Stripe is one of the most popular payment merchants for web, but information about Laravel integration is pretty fragmented, so I decided to write a really long tutorial about this topic.

We will cover:

  • General logic how Stripe works
  • Simple one-time payment integration
  • Testing and production environment setup
  • Saving transaction data for future reference
  • Recurring payments with Laravel Cashier
  • Getting invoices data and PDF download

What is Stripe and how it works

Stripe is a system to accept payments via credit cards. Instead of you handling all the security compliance and banking transactions, Stripe does it for you, while taking a small percentage for that.

Note that Stripe is available only in some countries, at the time of writing it’s 25 of them:

The most basic implementation is called Stripe Checkout.
Technically, it works like this (we will cover each step in more details later):

Step 1. JavaScript
You add Stripe Javascript code on your page.


Step 2. Pay Button: Enter Credit Card
User enters Credit Card details on your page via modal.


Step 3. Check Credit Card
AJAX call is made to Stripe server for checking the credit card. If the card is accepted, Stripe returns a unique token which represents that card for all future reference from your application, so you don’t actually ever store card details in your database (which is really important from legal perspective).


Step 4. Charging the Card
Then you can call Stripe servers again to actually charge the card, referencing with the token from Step 3 – one time or for recurrent payments.


There are more events, like processing errors, storing customer details in Stripe database, processing refunds and more, but these are the basics you need to know for now.

Now, let’s cover those steps in more details, with a sample application.


Laravel Stripe Checkout Demo

Step 1. Stripe Button “Pay with Card”

Ok, let’s start with a sample Laravel application:

composer create-project laravel/laravel --prefer-dist .

After all the installation and domain configuration (I’ve configured stripe.dev via Homestead), we should see a homepage like this:

Next step – we replace our homepage, which is located in resources/views/welcome.blade.php, with Stripe code from their official documentation.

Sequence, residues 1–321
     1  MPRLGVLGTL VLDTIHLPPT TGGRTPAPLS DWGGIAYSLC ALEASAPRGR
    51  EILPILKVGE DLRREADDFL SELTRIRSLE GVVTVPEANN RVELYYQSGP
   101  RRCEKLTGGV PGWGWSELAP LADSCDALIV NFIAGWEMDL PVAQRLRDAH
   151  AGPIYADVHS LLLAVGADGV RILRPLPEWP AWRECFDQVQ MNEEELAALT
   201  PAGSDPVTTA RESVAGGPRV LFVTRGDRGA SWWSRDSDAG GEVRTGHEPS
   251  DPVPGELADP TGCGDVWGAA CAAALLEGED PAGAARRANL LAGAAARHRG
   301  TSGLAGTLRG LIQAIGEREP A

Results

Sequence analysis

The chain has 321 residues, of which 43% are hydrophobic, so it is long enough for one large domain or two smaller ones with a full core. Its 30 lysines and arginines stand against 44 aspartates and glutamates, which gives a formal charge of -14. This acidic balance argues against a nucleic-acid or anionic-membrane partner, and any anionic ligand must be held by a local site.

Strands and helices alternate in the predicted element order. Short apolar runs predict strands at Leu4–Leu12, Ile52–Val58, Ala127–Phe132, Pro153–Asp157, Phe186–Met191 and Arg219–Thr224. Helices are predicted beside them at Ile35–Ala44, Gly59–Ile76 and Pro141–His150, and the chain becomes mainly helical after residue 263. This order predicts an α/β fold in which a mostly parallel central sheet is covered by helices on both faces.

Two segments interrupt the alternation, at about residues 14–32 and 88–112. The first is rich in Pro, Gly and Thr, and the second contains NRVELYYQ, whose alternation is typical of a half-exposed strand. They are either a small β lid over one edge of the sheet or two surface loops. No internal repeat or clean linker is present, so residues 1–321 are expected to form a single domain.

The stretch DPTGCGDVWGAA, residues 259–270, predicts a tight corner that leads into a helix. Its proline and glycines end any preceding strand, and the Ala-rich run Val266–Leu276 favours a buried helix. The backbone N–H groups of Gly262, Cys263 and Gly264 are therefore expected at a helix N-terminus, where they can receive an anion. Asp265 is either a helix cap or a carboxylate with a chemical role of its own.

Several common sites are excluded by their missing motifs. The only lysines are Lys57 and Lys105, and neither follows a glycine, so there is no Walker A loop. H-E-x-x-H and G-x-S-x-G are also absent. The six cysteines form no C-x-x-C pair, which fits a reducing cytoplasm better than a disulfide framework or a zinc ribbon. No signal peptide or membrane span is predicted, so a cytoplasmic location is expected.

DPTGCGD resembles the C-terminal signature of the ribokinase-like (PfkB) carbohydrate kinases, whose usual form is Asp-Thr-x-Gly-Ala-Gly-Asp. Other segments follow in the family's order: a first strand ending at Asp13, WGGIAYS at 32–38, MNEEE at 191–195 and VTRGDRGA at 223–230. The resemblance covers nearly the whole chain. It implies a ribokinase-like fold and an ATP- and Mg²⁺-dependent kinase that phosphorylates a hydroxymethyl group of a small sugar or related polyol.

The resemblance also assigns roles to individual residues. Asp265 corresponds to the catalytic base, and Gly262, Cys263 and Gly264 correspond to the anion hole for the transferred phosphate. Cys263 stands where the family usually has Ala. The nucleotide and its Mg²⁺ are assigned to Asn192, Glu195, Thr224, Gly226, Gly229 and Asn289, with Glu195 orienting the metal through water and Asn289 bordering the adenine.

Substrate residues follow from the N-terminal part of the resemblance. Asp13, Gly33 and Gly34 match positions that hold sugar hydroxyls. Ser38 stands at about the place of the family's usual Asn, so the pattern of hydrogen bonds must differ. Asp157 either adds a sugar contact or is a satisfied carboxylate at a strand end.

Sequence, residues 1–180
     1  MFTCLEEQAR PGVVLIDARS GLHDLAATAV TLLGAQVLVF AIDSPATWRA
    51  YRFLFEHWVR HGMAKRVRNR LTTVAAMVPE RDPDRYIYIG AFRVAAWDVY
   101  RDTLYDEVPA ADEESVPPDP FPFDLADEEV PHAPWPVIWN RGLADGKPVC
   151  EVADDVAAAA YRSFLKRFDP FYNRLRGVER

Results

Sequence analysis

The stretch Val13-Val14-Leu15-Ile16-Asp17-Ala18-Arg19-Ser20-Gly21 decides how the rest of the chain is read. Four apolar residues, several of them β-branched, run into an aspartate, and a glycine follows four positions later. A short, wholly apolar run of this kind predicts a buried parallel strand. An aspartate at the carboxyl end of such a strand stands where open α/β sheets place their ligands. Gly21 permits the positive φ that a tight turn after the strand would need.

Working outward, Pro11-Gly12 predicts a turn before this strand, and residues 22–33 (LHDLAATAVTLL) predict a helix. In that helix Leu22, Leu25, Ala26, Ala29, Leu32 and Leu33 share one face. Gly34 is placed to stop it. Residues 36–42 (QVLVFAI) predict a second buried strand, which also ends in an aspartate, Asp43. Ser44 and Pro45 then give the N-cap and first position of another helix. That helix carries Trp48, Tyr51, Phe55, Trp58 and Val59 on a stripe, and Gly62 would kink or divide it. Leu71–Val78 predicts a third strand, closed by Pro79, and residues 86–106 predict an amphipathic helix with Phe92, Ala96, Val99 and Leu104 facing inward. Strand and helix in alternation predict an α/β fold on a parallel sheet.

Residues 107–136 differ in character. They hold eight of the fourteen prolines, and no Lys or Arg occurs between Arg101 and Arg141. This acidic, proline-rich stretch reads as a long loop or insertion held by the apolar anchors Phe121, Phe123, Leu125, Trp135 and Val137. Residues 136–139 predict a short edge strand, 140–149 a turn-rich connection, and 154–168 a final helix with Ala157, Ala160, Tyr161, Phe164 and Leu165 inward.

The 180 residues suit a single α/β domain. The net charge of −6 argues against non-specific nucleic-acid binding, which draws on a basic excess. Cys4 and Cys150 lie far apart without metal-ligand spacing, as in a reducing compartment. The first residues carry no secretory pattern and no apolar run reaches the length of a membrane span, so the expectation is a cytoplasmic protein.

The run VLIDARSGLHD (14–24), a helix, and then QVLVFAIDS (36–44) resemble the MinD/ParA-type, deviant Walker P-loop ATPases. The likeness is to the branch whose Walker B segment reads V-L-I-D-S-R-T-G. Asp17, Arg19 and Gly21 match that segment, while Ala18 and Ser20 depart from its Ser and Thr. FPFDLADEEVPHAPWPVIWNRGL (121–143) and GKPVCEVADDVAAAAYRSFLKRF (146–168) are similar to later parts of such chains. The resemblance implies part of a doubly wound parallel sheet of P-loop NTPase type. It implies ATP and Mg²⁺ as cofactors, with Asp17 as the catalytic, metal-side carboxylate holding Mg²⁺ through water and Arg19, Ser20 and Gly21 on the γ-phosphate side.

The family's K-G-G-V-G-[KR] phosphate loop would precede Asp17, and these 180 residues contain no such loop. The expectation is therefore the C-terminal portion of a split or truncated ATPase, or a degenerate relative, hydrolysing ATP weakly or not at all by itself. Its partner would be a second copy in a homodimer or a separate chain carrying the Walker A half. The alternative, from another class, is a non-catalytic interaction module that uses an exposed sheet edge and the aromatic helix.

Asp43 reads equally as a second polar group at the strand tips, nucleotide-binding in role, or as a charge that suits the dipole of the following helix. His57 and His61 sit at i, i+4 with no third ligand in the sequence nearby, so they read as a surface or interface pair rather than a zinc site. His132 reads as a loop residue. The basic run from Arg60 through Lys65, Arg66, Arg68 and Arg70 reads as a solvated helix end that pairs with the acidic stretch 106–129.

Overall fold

Here’s our new welcome.blade.php:

<!doctype html>
<html lang="{{ app()->getLocale() }}">
    <head>
        <meta charset="utf-8">
        <meta http-equiv="X-UA-Compatible" content="IE=edge">
        <meta name="viewport" content="width=device-width, initial-scale=1">

        <title>Laravel</title>
    </head>
    <body>
        <form action="/your-server-side-code" method="POST">
            <script
                    src="https://checkout.stripe.com/checkout.js" class="stripe-button"
                    data-key="pk_test_pIaGoPD69OsOWmh1FIE8Hl4J"
                    data-amount="1999"
                    data-name="Stripe Demo"
                    data-description="Online course about integrating Stripe"
                    data-image="https://stripe.com/img/documentation/checkout/marketplace.png"
                    data-locale="auto"
                    data-currency="usd">
            </script>
        </form>
    </body>
</html>

And then we have this button, with modal appearing after the click:

As you may have noticed, I’ve changed a few variables – so here’s a schema with dependencies between Stripe variables and modal window:


Step 2. Environment variables

There is one important field we need to discuss separately – called data-key. Which means – how do we identify that this is our Stripe account and not someone else’s.

<script
        src="https://checkout.stripe.com/checkout.js" class="stripe-button"
        data-key="pk_test_xxxxxxxxxxxxxxxxxx"
        data-amount="1999"
...

To authenticate, Stripe gives you two pairs of credentials, so-called Publishable and Secret key – both for testing version (starting with xx_test_xxxxx) and for live version (starting with xx_live_xxxxx).

You can find them under API section in your dashboard, see below.

So we need to put one pair into our code, depending on whether you’re testing the payment, or want to accept real money from real credit cards on live environment.

In Stripe default example, you see that the Publishable key is listed as JavaScript variable, but I would still prefer to hide it from the public and put it into .env file of Laravel project.